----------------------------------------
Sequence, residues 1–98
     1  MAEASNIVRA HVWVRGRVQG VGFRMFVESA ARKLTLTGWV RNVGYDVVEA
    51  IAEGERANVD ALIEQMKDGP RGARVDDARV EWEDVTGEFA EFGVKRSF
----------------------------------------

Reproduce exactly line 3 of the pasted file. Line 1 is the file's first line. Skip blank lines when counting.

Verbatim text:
    51  IAEGERANVD ALIEQMKDGP RGARVDDARV EWEDVTGEFA EFGVKRSF